Red lipstick dominated the A/W 16 catwalks (surprise, surprise), but this season the look was less Hollywood glamour and more cool-girl nonchalance. But what makes next season’s red lip so covetable that we want to wear it now? The secret is in how you wear it. There were three factors at play on the catwalks that helped make all the difference. The texture: either powdery matte or high-shine lacquer; the color: vivid, almost neon flashes or brick-red hues dominated; the supporting makeup: think barely-there lashes and a delicate wash of foundation that let the lip pop from the face. To find out the rules of how to wear red lipstick in 2016, who better to call on than a makeup artist who worked on countless faces backstage at the A/W 16 shows? Keep scrolling to see what MAC Senior Artist Rebecca Butterworth had to say on the rules of red…
BYRDIE: How can you make a red lip look more cool girl and less retro?
REBECCA BUTTERWORTH: The cool-girl lip has an insouciance and a nonchalance to it. Intense color paired with diffused edges or a definite texture (car paint high shine or powdered matte) separate the modern lip from the overly precise, stamped-on retro lip.
BYRDIE: What other factors come into play?
RB: Red lips are all about context! Cool girls need to look like the lipstick is swiped on as an afterthought (even if the actual process is totally the opposite!), so a "done" eye or opaque, matte skin is a no-no. Let every single one of your freckles show through. Skin should be as raw and real as possible to offset the perfection of a red lip.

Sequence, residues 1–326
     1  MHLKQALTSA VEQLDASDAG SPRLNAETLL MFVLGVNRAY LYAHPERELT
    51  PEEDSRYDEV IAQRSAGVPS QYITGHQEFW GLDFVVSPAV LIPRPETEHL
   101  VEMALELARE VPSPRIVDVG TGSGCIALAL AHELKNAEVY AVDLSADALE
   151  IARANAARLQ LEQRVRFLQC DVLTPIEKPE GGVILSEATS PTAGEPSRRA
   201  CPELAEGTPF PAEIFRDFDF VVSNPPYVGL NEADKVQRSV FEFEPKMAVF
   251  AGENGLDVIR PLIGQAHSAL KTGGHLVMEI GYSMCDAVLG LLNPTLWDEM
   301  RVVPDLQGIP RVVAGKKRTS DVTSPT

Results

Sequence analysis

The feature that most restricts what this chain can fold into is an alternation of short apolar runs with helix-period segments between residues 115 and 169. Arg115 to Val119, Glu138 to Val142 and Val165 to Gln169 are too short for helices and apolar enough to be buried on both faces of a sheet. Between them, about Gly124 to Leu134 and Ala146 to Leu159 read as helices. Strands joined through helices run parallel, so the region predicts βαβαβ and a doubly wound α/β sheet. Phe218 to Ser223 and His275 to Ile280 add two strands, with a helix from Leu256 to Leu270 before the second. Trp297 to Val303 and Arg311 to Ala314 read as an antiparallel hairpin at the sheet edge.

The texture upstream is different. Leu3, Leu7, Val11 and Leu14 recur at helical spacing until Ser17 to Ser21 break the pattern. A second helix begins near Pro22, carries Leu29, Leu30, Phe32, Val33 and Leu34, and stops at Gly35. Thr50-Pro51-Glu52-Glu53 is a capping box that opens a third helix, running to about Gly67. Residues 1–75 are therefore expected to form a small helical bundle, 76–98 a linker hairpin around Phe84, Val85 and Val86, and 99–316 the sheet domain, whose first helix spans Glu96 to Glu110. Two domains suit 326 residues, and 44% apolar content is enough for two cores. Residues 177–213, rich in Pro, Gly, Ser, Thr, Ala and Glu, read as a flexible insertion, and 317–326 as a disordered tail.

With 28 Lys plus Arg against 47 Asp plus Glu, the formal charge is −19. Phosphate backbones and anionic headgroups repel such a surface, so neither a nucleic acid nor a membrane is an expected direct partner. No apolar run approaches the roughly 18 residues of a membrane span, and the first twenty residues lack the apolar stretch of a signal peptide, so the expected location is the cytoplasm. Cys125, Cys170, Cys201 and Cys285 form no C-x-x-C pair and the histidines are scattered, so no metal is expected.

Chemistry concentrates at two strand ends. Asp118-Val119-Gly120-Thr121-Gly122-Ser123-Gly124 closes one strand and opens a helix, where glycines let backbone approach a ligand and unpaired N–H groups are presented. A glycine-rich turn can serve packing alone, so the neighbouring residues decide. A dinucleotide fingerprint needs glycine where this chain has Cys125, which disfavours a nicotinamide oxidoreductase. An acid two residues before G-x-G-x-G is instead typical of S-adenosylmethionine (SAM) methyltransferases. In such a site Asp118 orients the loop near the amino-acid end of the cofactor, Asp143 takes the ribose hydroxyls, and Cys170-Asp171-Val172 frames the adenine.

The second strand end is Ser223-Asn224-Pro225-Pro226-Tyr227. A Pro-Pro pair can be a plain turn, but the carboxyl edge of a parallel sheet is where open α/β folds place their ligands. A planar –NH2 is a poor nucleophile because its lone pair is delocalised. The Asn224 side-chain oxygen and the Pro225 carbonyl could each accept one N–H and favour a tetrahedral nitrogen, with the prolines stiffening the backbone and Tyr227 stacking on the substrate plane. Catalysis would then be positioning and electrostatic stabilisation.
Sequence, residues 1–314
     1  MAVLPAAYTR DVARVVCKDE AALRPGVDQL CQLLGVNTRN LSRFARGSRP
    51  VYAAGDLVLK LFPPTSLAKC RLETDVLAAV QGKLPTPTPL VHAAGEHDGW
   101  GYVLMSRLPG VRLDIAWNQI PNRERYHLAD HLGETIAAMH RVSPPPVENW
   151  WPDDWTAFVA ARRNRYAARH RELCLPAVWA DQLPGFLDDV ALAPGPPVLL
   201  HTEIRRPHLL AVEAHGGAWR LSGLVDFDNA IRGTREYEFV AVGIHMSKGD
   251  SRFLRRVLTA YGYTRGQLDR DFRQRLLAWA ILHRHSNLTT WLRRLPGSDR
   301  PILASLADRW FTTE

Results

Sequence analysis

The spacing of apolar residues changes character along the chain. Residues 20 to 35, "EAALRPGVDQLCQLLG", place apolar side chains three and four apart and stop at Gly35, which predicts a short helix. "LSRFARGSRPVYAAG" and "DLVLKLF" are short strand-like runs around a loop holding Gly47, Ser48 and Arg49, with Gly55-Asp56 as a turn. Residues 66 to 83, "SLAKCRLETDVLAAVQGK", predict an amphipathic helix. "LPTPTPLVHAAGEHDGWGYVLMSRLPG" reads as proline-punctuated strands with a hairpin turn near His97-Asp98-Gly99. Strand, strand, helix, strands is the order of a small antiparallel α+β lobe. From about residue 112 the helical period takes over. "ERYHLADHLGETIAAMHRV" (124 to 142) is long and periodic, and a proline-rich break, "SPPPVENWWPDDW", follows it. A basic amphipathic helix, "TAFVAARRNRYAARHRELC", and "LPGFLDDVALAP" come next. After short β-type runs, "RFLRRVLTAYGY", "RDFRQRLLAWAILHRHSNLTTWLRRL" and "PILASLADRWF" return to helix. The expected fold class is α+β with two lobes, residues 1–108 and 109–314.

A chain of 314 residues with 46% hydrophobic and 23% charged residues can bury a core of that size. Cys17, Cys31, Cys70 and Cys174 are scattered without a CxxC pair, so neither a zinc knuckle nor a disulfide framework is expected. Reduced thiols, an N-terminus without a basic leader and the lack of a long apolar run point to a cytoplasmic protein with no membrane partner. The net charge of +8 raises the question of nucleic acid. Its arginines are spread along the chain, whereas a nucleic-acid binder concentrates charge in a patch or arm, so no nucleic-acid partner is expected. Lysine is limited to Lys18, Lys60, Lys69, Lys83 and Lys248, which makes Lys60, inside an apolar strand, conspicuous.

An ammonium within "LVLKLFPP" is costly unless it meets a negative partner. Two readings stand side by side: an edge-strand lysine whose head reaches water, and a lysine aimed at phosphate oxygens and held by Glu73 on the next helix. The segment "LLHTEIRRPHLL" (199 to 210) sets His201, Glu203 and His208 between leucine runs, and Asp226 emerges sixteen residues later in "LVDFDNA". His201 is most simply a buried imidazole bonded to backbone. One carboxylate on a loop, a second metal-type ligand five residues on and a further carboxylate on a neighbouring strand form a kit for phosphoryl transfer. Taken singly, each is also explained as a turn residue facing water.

BYRDIE: What eye makeup should you consider to keep it super modern?
RB: If you can cope with the idea of going without mascara, this is the best way to keep it absolutely modern. Curl lashes, gloss your eyelid with a slick of highlighter or lip balm and you're good to go. Alternatively, if you can't live without your mascara, make it a second focus and layer it on for a post-punk feel.
BYRDIE: Do you need a lip liner?
RB: Opacity is a really important step in the making of a modern lip and a lip liner that matches the color of your chosen red is crucial for a clean, opaque finish.
BYRDIE: The new shape seems to be more curved on the Cupid's bow—how can someone create this look that isn’t their natural lip shape?
RB: Using a brush will make this easier. Try out a brush that has a curved edge because it'll do so much of the work for you. My go-to brush is actually an eyeshadow brush—the MAC 248 Small Eye Shader Brush ($27). It's flexible with a slender profile and a rounded edge. Use the rounded edge to stamp the curved shape onto your Cupid's bow.
BYRDIE: How should you find the right red for your skin tone?
RB: The following is a good rule of thumb:
o Brick red: warm, toned skin. [Ed note: Try Bobbi Brown Lip Color in Burnt Red, $25]
o Orange red: blue eyes, brown eyes and deep, warm skin tones [Ed note: Try MAC Lipstick in Lady Danger, $19]
o Blue red: green eyes, cool toned skin [Ed note: Try Charlotte Tilbury Matte Revolution in Red Carpet Red, $35]
o Neutral postbox red: everyone! [Ed note: Try Revlon Super Lustrous Lipstick in Fire & Ice, $7].
Byrdie: What are your tips for getting a high-shine finish versus a modern matte (not too matte but definitely not sheeny)?
RB: High shine is back in a big way. Modern women want extremes of texture that make definite statements. MAC Lipglass Clear ($17.50) is the ultimate shine-maker. It's Perspex shine in a tube. For a modern matte, take cues from old-school makeup techniques: Separate a tissue into one ply and blot your lip color. While the tissue is still covering the lips, dust a layer of loose transparent powder on top.
Keep scrolling to shop Byrdie's favorite red lipsticks…
Want more next season trends? Prediction: The 23 Hair, Makeup, Skin, and Nail Trends That Will Be Huge in 2019